Another crucial ingredient that has contributed to the Sounders’ growing fanbase is the loud and constant atmosphere that ECS facilitates. The ECS modus operandi of non stop intensity, while superficially in contrast with Seattle’s laidback archetype, is not lost on other sports teams. “I think, when it comes to sports, it’s always different. Like the Seahawks fans, people wouldn’t consider them laidback. When it comes to sports, people are motivated to act different than they otherwise would,” said Favinger.

And just as the Seahawks rely on an eternal grudge with the Denver Broncos and San Francisco 49ers to fuel their support, the Sounders fan base looks forward to the warlike clashes with the Vancouver Whitecaps and the especially hated Portland Timbers. “A real rivalry has to have history, you can’t manufacture that, and the Sounders and Whitecaps have been playing each other since the 70s. I think what MLS did is put a spotlight on that history, and that amplified everything,” said Favinger.

A special mention must be made to the NW rivalry between Seattle and Portland. Since the games began in 1974, games have averaged 55,000+ attendees, and have been hailed as one of the fiercest derbies (local rivalry games) in world soccer. In one instance there was a “build a bonfire” tifo, aiming to resonate with the Timbers’ arboreal motif. The ECS are obviously no stranger to this, holding a rivalry with their equally zealous counterpart, the Timbers Army.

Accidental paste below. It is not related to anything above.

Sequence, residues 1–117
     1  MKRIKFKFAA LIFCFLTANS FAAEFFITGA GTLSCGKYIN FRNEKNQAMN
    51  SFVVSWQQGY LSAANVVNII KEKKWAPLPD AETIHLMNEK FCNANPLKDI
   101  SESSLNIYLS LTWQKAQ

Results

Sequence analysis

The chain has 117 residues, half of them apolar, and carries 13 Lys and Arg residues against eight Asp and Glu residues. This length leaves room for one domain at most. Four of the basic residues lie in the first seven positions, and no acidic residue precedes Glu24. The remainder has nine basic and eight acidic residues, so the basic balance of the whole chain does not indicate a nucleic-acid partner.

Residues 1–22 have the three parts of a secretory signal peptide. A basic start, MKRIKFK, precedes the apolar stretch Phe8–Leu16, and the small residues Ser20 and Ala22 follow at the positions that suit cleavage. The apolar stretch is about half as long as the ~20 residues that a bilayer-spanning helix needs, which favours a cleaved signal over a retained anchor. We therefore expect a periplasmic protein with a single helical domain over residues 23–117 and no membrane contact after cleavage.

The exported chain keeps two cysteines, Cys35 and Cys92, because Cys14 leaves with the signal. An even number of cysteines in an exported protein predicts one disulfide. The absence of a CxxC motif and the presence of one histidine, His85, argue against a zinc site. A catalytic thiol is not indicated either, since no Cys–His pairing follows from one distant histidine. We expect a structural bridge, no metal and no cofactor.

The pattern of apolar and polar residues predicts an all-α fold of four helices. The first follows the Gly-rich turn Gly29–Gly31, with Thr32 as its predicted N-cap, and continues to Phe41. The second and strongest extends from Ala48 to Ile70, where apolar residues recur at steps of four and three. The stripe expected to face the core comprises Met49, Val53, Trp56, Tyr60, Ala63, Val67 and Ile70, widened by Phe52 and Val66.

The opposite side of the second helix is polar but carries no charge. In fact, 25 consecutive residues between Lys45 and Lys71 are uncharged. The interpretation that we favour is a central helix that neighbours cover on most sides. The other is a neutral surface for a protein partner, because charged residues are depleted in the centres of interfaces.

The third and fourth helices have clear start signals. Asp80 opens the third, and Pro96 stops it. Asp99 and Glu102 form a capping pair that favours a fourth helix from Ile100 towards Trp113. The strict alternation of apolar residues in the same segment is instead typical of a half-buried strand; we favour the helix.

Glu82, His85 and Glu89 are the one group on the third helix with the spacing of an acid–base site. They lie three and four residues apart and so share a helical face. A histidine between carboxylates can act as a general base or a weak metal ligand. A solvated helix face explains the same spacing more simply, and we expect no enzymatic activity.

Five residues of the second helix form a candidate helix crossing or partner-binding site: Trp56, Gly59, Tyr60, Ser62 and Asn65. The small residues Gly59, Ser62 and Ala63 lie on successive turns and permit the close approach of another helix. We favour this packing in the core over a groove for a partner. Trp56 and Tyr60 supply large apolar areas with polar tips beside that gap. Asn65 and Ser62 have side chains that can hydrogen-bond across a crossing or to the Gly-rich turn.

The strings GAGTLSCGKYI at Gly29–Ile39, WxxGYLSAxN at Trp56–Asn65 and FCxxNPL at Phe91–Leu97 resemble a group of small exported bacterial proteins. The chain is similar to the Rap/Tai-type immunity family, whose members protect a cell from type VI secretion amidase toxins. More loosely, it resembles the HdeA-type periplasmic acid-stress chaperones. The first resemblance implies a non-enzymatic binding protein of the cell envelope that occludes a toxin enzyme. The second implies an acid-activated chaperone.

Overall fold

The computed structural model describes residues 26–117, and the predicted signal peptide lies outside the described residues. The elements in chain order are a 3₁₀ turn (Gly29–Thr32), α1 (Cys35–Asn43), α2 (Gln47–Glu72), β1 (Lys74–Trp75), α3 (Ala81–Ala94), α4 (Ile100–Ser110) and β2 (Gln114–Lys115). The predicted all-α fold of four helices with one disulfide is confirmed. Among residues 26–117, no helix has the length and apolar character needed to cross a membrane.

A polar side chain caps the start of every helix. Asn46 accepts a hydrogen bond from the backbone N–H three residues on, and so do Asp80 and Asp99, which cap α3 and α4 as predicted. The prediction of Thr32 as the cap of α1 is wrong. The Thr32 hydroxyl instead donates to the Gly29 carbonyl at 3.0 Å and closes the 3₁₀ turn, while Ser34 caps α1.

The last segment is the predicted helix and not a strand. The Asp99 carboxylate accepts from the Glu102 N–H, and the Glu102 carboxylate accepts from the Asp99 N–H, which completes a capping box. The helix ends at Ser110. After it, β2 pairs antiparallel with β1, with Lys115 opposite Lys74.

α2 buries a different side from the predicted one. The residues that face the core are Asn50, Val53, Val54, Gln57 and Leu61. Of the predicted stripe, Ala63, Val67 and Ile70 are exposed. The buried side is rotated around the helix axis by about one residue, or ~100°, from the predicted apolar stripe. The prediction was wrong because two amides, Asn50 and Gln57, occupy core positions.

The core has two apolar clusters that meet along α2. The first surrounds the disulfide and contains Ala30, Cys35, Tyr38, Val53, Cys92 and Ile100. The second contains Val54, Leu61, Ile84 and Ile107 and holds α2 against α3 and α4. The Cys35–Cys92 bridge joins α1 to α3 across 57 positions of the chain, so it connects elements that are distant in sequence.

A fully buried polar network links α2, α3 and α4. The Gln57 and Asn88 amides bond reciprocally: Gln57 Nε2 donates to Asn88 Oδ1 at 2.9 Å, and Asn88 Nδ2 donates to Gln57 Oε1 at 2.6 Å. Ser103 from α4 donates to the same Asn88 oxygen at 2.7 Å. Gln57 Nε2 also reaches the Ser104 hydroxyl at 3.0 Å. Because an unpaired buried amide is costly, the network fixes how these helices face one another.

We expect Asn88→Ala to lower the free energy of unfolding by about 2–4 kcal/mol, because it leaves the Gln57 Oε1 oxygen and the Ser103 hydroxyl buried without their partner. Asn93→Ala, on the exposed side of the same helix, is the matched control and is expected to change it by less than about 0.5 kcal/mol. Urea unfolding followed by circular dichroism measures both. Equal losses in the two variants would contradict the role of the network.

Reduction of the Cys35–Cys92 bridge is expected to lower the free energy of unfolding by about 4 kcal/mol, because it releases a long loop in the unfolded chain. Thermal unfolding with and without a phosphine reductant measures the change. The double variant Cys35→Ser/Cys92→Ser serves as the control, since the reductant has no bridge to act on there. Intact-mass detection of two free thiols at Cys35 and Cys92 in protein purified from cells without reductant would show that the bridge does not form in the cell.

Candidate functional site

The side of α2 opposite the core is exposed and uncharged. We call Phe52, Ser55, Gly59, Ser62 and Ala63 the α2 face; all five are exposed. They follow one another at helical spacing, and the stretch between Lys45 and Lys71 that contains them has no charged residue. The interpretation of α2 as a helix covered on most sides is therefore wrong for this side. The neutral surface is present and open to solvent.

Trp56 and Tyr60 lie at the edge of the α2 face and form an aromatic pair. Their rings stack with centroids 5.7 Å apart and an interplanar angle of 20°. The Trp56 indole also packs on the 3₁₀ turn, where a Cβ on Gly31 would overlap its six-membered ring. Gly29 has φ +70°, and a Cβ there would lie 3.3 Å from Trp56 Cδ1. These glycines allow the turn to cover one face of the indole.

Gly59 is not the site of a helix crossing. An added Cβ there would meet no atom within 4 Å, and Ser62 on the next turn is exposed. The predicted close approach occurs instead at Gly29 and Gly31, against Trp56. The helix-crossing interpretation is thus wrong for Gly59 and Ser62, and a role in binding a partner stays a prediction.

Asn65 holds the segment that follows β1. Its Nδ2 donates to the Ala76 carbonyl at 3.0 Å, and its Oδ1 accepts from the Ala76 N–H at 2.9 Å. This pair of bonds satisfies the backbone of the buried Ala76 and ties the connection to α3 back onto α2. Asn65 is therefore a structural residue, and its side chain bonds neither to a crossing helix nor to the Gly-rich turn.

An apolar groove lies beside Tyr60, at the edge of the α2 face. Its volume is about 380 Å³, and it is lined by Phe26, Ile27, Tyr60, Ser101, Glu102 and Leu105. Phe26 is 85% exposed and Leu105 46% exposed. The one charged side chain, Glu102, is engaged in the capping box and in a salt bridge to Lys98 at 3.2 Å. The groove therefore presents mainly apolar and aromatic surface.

Despite the ECS’ pivotal role in Sounders culture, the group has struggled somewhat with media perception concerning violence and negative stereotyping, although no noteworthy incidents have surfaced. A point of controversy has been the chants with violent rhetoric. “There’s a difference between the intent of the songs and the words themselves, but I can see how some could get offended,” said Favinger, “In sports, people oftentimes use war and battle analogies, which is a little ridiculous because at the end of the day, it’s a game and nobody wants to get hurt or fight or kill each other”.

The issues that ECS has faced have concerned illegal pyrotechnics and occasional inappropriate gestures and behaviors. However many of those images are frequently recycled for marketing purposes, something that Favinger is keen to address: “If I had any problem with how the group is portrayed, it’s more around the hypocrisy of getting the group in trouble for smoke bombs or flipping off cameras or stuff like that, but then using pictures of our smoke bombs and whatnot for marketing purposes”. The attention grabbing aspect of these events drives marketing efforts, and many ECS members are concerned about the exploitation of the false perception of supporter groups as full of violence.

“People can say what they want, they can have whatever opinions they want. My feeling is we’re here to support the Sounders, and so as long as the players feel that support, that’s all I care about,” said Favinger.